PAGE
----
The story of each one of us stretches so long in the past, that even before our conception, we are already passive agents printed with expectations, opinions, assumptions, and hopes. It starts writing itself before we are even born, it's our story and yet it's not. A chapter that we might, in the future, include as part of our identity. The past would be put to the test, by our self-imposed social and cultural filters, defining whether it's worthy or not of being part of our identities. Whether it's apprehension or rejection, we create and configure ourselves from it, in the present. Either way, the origin of that self-discovery and confrontation is always the same: our family..
The past is a puzzle that can only be assembled in community. The different characters involved in such historical unwind of events are the key pieces to reconstruct a story that may not even be complete. Some pieces may be brought to the table willingly, others may have been forgotten, lost, burned, or even buried. Some of the owners of those pieces are no longer present, and in our ignorance and hope, we try to decode their realities. Other pieces are even painted or altered, to hide the truth. Others reconstructed, to make the truth more appealing. And they are the characters not willing to participate in the game. As if they were never there, but the black space of their pieces is still part of that crooked puzzle.
The wonderful work of the Canadian photographer Farihah Aliyah Shah (@rihah) explores that entangled and yet fascinating concept. An anthropological salad of memory, oral expression, reconstruction of memory, identity, and lineage. In her series Looking for Lucille, Farihah creates a warming piece of work where she “explores the strength and validity of memory and oral history as alternative and legitimate forms of research” ; it traces back to her lineage in Victoria Village, Guyana. Documenting the different spaces that her granny once inhabited and the people that knew her. Farihah started piling up the pieces of her own puzzle through her mother, “we spent a lot of time speaking about her childhood and specific memories she had about her mother.”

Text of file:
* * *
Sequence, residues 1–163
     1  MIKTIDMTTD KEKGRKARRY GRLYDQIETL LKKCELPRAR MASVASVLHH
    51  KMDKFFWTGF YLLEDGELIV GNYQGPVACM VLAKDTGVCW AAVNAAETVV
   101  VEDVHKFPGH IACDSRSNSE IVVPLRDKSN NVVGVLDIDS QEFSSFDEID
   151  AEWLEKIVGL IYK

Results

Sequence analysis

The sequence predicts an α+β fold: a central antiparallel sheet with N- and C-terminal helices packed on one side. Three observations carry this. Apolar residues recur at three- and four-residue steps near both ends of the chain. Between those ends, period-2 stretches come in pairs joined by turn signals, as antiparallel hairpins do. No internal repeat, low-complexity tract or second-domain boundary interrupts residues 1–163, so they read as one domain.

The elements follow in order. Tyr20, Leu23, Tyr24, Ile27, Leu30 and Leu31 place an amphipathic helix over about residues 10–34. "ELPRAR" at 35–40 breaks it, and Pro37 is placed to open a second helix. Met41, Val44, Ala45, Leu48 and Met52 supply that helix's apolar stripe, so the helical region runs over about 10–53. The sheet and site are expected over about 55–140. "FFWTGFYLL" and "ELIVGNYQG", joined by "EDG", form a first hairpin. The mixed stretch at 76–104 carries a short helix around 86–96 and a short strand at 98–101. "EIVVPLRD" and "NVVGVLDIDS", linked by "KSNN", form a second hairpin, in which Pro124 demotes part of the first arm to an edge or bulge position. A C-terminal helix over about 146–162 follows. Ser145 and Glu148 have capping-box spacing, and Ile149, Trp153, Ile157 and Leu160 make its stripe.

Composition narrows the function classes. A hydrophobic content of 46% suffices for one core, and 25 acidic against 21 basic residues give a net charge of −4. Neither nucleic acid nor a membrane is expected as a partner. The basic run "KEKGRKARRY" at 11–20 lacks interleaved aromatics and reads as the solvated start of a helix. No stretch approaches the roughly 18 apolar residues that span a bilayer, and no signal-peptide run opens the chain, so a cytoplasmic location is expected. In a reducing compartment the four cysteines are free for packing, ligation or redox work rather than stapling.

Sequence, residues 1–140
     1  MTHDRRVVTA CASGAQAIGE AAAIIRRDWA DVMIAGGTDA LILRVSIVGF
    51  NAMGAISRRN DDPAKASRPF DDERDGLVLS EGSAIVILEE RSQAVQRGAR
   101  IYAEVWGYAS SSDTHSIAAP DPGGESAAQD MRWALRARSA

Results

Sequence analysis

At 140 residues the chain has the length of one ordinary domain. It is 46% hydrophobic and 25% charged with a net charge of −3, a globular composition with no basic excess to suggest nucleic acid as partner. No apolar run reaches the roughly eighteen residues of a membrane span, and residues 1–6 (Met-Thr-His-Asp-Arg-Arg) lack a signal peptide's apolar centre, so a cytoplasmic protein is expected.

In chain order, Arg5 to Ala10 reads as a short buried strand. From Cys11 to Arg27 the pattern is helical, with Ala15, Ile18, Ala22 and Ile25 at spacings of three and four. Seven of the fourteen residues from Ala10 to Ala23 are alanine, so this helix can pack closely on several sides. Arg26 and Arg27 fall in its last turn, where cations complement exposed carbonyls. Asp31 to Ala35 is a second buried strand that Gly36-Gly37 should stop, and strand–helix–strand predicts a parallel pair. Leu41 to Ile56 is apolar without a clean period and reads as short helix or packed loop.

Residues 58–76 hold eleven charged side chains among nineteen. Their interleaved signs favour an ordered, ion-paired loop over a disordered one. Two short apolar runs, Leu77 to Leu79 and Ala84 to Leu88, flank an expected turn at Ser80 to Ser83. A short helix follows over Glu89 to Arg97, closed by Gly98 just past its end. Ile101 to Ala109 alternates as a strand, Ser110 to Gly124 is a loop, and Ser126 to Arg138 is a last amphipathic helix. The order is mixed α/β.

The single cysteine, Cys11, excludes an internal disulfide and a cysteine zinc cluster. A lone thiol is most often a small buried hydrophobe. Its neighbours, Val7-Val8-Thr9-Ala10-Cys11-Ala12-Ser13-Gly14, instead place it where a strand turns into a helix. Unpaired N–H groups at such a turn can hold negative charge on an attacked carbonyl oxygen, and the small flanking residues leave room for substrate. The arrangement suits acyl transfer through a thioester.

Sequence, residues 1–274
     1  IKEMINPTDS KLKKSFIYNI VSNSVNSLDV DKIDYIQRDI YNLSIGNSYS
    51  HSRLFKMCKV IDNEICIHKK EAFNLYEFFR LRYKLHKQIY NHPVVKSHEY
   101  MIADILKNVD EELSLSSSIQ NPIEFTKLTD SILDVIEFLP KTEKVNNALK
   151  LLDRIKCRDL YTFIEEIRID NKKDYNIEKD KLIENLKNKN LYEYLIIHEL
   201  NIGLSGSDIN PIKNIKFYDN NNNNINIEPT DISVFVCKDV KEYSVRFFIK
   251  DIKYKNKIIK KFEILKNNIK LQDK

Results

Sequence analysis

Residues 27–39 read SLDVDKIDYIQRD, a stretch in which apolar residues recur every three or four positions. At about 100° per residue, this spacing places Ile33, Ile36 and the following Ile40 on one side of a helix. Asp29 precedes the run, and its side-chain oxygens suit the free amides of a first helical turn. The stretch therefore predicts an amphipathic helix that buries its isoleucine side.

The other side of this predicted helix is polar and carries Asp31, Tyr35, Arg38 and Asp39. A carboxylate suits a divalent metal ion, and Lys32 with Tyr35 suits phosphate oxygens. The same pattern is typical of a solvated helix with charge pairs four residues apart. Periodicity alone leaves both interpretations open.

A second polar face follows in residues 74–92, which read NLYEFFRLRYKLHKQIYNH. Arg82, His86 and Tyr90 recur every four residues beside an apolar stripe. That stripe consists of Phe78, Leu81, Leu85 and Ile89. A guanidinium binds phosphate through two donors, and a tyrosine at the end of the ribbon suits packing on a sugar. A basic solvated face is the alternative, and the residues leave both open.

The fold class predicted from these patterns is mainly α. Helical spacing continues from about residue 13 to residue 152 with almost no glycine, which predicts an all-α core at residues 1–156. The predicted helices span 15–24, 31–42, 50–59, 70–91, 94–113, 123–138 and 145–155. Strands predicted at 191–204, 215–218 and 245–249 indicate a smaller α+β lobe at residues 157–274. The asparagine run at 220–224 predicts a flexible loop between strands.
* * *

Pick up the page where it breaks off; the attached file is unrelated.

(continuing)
Farihah´s used different sources to put up a map towards her granny's story and towards herself. She used different family archives, self-produced work, and oral representations to recreate a story that, lacking documentation, is in danger of being washed up by memory. Farihah explores and creates from the necessity and the importance of documentation.
It's almost poetic how documentation is the basis of science, but it's also an act of resistance towards the fear of oblivion. Our story is never just ours, and whether it may be pleasant or not, having the presence of it it's a privilege, and forgetting it is an actual loss. The human need of discovering our origins is part of the journey towards identity, as Farihah herself expresses “It’s about the act of reclaiming agency of my personal narrative.” Her ongoing series transverses a family timeline, and the legacy of her granny expresses itself so strongly through Farihah´s mother, friends, and people who knew Lucille. And that presence is the one that impregnates the bodywork of Looking for Lucille.
Those parts of our story that we willingly take as our own, the ones we identify with and transform into segments of our identity, those are the pieces that define us, it's where we feel the co-creation of our family lineage in our vital experience. Farihah´s work opens up a bridge between memory and identity, a bridge each one will cross at their own pace and desire. A journey where we may find ourselves with confrontation and absence but also with the silver lining of learning from the past.